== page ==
Rasmussen Poll Reveals Obamanomics Falling Out of Favor with Americans
An unheralded recently released Rasmussen poll highlighted some of the doubts surrounding Obama’s economic policies, as pointed out by Wall Street Journal editorial board member and senior economics writer Stephen Moore and Fox News Channel host Greta Van Sustren, on the June 22 “On the Record.” One of the poll’s findings: it’s time for Obama to take ownership of the economy in the wake of his unprecedented policy maneuvers and stop blaming his predecessor.
“I think this is the problem, Greta, for the president is he wants to be able to for the next four years, if things go poorly, blame George Bush,”
The poll also pointed out public disillusionment with the massive stimulus passed earlier this year, and suggested it is time to cancel it altogether.
“Here is another number – President Obama announced recently that he wanted to speed up the pace of the stimulus spending,” Van Sustren said. “We heard that 41 percent said the rest of new government spending authorized in that $787 billion should now be cancelled. That’s a huge number.”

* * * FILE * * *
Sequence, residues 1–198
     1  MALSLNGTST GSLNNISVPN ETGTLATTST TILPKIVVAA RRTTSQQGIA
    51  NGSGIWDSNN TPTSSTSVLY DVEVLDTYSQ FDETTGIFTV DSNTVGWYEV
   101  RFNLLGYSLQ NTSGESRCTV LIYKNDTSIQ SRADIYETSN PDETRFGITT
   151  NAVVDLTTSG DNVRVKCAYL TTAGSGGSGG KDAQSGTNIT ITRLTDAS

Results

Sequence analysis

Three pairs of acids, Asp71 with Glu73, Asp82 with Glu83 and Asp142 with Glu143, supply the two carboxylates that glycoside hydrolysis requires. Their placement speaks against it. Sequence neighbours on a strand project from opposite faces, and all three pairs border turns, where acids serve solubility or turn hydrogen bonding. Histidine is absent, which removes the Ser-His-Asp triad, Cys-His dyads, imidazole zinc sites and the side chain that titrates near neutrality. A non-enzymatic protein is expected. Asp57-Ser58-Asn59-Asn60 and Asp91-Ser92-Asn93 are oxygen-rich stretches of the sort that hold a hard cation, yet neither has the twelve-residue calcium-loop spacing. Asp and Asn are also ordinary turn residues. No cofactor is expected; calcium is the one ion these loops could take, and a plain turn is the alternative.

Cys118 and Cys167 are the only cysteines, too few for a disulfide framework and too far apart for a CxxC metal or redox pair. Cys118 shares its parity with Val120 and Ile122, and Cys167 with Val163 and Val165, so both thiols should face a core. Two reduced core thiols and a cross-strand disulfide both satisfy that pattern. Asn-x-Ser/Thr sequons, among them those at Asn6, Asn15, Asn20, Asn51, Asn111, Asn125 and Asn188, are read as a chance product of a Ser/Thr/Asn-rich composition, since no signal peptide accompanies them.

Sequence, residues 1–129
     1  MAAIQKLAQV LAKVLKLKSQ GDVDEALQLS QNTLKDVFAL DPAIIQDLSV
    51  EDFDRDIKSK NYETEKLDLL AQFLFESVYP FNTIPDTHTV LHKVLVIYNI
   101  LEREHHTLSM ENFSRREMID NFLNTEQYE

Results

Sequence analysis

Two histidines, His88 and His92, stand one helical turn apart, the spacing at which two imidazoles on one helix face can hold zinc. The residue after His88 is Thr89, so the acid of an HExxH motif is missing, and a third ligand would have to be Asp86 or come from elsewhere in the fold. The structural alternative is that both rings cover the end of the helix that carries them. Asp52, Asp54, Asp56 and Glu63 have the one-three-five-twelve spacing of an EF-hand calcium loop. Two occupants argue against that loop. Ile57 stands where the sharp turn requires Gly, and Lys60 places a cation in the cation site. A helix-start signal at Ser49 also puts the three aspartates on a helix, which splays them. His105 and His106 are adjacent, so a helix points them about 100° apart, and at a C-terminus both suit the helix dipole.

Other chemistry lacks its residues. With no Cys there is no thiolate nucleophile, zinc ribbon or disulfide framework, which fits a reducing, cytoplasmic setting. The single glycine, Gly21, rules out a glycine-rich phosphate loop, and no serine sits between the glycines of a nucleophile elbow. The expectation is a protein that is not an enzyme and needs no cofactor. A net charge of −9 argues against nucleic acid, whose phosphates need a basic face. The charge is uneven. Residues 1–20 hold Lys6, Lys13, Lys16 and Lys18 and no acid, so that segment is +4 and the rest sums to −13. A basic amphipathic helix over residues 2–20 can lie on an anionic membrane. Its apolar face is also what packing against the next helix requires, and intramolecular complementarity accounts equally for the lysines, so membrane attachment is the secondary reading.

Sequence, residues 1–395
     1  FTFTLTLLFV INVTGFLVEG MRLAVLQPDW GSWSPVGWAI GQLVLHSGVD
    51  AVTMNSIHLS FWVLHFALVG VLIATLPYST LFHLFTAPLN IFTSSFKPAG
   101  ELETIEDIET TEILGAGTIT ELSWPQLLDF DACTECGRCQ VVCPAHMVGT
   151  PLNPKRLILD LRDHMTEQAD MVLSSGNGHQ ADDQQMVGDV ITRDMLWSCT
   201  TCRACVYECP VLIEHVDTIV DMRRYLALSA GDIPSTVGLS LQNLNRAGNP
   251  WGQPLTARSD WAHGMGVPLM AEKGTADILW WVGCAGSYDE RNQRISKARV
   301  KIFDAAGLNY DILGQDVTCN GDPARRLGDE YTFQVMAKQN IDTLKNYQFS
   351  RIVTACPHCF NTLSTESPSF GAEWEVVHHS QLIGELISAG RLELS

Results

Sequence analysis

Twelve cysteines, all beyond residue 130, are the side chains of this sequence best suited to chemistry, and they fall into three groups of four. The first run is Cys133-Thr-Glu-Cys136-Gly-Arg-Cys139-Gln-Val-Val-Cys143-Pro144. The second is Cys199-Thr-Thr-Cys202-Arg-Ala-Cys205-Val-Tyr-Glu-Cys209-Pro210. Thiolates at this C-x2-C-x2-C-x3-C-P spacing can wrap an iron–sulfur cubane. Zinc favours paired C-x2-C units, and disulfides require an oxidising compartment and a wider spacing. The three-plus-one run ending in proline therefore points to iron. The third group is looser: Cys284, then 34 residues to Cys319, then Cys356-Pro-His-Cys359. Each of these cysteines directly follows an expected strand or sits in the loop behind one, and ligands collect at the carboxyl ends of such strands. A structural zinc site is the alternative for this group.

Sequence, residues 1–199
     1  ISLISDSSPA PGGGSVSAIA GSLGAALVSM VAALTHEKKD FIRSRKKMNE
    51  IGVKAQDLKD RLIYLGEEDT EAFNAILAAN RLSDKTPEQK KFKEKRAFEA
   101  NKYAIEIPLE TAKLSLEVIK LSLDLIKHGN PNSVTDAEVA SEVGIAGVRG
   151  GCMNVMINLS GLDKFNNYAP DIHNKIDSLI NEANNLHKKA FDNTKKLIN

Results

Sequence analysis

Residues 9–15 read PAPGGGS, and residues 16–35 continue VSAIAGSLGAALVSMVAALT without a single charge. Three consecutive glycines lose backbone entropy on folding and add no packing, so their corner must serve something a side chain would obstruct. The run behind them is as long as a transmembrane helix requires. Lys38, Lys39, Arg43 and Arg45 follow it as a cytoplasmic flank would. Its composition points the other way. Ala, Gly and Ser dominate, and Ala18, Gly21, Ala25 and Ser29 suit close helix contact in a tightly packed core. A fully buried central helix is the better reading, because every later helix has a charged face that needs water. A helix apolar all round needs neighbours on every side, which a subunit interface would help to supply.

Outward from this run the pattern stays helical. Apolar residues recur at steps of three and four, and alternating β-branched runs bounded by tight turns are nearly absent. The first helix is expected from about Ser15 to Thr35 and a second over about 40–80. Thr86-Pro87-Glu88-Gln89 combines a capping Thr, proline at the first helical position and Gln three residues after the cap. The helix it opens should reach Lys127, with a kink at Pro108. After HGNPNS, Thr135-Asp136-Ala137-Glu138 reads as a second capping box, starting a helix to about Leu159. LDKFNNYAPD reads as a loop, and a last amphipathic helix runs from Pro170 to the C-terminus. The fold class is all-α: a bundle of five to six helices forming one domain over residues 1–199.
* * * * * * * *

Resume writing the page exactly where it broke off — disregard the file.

The biggest change has come from independents, according to
“And what we are seeing in these polling results, because I looked at the cross tabs on these numbers – you are seeing liberals very much in favor of what the president wants to do, conservatives very much opposed to him,” Moore said. “And then you have got that swing independent voters, which overwhelmingly went for Obama in November, and they are starting to really question the wisdom of a lot of these economic policies.”
Instead, people are beginning to look to a tried-and-true policy that was downplayed by the current administration.
“Fifty-one percent favor across-the-board tax cuts for all Americans to stimulate the economy,” Van Sustren added. “It doesn’t even say to the rich, it says 51 percent favor across the board for everyone. That seems like a big number.”
That has been a missing component from the administration’s economic policies,
“Remember when we did the stimulus plan, there were no across-the-board cuts,”